BBC News reports, "UK-based firm stops selling phenobarbital drug to Arkansas."
A UK-based pharmaceutical company has stopped selling a drug to Arkansas because the US state planned to use it to execute prisoners on death row.
Drug company Hikma, based in London, said phenobarbital is prescribed to prevent convulsions.
A spokesman said the drug is widely used and that the company did not condone its use on death row.
It acted to withdraw the drug on information from the legal rights charity Reprieve.
A spokesman said its subsidiary West-Ward Pharmaceuticals had not sold phenobarbital to the Arkansas Department of Correction (DoC) since mid-April when they were made aware it could be used for capital punishment.
"British maker of death penalty drugs adds new restrictions for US buyers," is by Ed Pilkington for the Guardian.
Ironically, Arkansas turned to the Hikma subsidiary, West-Ward Pharmaceuticals in Memphis, Tennessee, as a possible way of skirting the drug boycott. Since 2011 execution drugs have been in increasingly short supply after the European commission banned exports of listed chemicals to all US corrections departments.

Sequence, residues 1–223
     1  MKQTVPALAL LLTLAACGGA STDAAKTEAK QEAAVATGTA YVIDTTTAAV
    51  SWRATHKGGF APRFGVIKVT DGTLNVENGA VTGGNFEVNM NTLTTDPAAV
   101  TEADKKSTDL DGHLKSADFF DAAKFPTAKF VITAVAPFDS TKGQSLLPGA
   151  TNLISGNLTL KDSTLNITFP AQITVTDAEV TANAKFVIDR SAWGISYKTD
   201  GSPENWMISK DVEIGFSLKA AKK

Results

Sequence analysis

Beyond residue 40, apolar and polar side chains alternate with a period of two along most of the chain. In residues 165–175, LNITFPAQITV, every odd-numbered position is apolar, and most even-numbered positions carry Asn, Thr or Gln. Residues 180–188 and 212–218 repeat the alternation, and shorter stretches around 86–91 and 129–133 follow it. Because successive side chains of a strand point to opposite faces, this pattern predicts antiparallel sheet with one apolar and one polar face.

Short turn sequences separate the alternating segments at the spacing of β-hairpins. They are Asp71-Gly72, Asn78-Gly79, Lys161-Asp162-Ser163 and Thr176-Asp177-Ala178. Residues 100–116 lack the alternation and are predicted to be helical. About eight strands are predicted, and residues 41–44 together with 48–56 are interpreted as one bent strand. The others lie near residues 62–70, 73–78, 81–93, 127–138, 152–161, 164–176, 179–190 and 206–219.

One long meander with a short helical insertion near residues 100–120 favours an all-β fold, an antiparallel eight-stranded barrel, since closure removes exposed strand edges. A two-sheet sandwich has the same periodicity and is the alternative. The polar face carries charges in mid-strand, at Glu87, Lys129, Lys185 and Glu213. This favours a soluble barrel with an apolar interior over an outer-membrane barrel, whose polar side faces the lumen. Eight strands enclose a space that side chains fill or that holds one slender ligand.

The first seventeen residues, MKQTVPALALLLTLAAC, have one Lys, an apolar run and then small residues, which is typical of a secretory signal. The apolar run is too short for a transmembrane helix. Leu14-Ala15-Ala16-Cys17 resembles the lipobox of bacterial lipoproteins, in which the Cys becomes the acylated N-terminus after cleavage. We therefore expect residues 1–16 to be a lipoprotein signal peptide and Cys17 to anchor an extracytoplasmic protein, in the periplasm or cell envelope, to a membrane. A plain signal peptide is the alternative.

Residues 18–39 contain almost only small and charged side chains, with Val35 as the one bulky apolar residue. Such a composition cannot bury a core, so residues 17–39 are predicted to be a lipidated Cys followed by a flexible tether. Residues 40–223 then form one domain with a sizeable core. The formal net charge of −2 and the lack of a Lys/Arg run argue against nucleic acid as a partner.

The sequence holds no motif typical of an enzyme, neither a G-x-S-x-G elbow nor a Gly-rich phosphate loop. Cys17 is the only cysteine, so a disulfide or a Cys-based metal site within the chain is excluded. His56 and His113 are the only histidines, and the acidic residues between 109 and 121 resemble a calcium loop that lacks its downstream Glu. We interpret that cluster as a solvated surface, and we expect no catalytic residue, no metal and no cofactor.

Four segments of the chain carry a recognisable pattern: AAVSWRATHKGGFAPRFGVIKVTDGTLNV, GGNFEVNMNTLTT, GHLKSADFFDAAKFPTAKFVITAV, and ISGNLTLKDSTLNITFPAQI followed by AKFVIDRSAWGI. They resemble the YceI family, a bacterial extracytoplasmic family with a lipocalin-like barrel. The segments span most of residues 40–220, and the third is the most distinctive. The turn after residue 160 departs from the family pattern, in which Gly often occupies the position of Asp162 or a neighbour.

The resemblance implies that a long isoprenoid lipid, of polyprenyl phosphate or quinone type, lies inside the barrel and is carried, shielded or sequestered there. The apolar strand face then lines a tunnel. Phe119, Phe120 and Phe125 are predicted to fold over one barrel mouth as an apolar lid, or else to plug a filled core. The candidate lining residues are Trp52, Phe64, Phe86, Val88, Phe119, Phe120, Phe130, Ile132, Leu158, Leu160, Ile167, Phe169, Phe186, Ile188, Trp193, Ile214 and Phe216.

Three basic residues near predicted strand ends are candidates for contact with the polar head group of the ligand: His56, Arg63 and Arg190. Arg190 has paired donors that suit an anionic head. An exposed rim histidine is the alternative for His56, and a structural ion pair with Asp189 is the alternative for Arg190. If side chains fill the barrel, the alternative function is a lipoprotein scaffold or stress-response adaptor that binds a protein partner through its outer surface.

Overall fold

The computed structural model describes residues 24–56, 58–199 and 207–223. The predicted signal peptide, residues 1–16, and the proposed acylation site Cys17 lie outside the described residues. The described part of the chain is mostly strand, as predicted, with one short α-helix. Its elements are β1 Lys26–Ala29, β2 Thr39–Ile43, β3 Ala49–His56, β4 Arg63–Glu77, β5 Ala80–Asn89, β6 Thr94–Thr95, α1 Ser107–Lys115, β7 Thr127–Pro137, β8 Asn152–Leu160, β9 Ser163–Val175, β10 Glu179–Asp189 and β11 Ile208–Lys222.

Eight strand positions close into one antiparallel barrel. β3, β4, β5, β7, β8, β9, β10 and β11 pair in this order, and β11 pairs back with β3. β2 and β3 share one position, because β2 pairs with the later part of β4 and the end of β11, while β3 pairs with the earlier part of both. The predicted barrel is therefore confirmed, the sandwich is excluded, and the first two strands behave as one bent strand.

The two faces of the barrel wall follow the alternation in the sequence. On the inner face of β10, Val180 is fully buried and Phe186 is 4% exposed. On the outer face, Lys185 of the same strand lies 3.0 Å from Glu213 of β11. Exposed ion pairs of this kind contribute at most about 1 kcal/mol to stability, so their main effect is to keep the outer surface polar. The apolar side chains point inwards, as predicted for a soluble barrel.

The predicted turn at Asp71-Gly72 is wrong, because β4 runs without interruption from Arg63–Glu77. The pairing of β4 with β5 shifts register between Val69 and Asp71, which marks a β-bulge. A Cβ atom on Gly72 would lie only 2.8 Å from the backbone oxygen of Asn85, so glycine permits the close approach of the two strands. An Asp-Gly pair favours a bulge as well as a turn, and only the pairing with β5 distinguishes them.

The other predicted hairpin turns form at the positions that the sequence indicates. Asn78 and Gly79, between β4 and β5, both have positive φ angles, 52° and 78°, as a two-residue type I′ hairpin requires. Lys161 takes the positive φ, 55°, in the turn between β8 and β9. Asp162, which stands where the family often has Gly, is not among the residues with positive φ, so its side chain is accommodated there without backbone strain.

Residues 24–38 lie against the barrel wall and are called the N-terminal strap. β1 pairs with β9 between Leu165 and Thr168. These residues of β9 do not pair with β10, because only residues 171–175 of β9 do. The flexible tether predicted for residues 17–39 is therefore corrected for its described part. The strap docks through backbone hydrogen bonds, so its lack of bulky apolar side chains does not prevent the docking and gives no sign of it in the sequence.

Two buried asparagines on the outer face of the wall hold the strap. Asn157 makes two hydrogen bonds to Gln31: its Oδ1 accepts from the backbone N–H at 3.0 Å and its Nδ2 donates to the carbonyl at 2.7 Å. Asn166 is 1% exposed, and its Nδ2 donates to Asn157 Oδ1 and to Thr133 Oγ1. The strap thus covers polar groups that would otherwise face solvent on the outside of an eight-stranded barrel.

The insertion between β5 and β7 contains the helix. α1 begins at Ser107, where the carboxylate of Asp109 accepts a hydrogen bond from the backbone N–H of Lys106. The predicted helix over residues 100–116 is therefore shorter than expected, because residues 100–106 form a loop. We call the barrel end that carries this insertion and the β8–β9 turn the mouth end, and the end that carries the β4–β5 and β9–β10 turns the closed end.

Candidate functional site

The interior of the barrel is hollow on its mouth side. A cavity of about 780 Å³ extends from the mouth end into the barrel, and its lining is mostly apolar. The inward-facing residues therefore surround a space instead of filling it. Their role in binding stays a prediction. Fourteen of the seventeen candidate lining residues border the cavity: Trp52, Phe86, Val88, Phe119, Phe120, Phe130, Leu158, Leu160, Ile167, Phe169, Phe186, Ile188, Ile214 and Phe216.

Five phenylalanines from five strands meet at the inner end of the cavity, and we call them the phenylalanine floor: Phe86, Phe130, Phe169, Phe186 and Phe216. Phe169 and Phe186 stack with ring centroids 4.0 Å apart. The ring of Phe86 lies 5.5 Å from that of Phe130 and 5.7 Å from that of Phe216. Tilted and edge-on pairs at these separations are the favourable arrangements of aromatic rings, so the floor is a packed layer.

With other options closed down, Arkansas decided to pioneer a new death penalty protocol untested by any other state: the use of phenobarbital, a barbiturate widely used medically as an anticonvulsant. This year the state adopted a new protocol that involves executing prisoners by injecting them with a relaxant, Lorazepam, followed by 12 grams of phenobarbital hydrochloride.
In April, West-Ward Pharmaceuticals shipped two batches of Phenobarbital to Arkansas department of corrections in Pine Bluff amounting to a total of almost 100 grams of the chemical – sufficient to kill eight prisoners. A spokesman for Hikma said the order had been made as part of the regular automated request for drugs for the general prison hospital services and given that phenobarbital has never been used in executions before in the US, it raised no red flags with the company.
Hikma added that the quantity of the drug was small, though a spokeswoman for the Arkansas department of corrections said it was "enough to perform several executions".
Maya Foa, a death penalty expert with Reprieve, welcomed Hikma's pledge to cut off the supply route to US corrections departments in capital punishment states. "This shows that the pharmaceutical industry is not willing to have its products used in executions. The industry now understands that it can stop its drugs reaching death chambers."
Arkansas confirmed to the Guardian that it had been contacted by West-Ward and told that it was closing the account. That presents the state with a long-term problem, but in the short term it still has plenty of phenobarbital with a shelf life that will last until October 2015.